Indeed, few things have given me the satisfaction I experience, the simple joy, of bearing witness to someone having a profound breakthrough on their journey to existential equanimity. I love the nearly audible click when my client’s brain kicks in and they understand viscerally as well as intellectually what it means to lead. It’s breathtaking.

As I’ve written before, I want to have greater impact. Over the last few years I spoken more, led more workshops, facilitated more group dialogues and worked more closely with whole teams. This spring I had the joyful satisfaction of speaking about the crucible of leadership to a varied group of entrepreneurs and loving each one of those who allowed their hearts to break open to what is: the sound and the fury of that crazy-assed job, being a CEO.

I also realized the gift of working with my friend Parker Palmer to lean into the difficult vortex of depression. (Thanks, Parker, for that gift.)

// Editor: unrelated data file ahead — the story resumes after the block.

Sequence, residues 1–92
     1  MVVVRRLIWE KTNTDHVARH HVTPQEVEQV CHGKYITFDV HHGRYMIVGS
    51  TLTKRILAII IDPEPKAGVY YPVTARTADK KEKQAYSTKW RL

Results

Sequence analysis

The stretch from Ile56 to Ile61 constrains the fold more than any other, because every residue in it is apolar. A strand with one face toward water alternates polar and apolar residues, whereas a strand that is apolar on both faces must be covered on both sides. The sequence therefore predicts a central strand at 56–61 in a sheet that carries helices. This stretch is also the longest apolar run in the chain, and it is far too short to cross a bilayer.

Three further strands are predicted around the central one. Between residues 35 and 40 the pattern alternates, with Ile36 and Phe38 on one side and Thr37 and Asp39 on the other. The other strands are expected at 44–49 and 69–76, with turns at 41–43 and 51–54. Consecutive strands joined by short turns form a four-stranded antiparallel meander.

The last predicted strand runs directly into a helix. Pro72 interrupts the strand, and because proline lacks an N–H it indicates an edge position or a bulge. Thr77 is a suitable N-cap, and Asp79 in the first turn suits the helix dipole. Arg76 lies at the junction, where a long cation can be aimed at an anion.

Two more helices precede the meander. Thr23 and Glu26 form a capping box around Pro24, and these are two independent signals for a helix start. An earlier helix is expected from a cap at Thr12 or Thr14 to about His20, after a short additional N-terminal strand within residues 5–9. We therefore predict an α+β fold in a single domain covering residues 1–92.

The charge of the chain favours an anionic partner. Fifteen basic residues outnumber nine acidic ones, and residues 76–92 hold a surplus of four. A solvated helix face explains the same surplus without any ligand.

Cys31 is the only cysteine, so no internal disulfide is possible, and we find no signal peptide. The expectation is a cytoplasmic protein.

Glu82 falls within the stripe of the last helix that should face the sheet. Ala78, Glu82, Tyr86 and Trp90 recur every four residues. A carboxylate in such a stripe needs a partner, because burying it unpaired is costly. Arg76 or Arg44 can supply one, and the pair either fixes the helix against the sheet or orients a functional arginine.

But something wicked this way comes (boy, I’m in a Shakespearean mood today).

A few weeks back, a long talk I did with my friend Jason Calacanis was posted and became mildly viral (Side question: Is it possible for something to be sort of viral? Or is viral-ity like pregnancy? It is or isn’t? I should ask Seth.).

In that conversation I casually mentioned an idea I’d been marinating on with a few folks: a retreat, an extended workshop, to help folks in the struggle of becoming a CEO. The idea was to host a small group of selected people coming together to focus on the pragmatic aspects of the job while exploring the body and soul techniques available to enhance their resiliency. To get even more prosaic: I want to facilitate a group of first-time CEOs becoming startup warriors.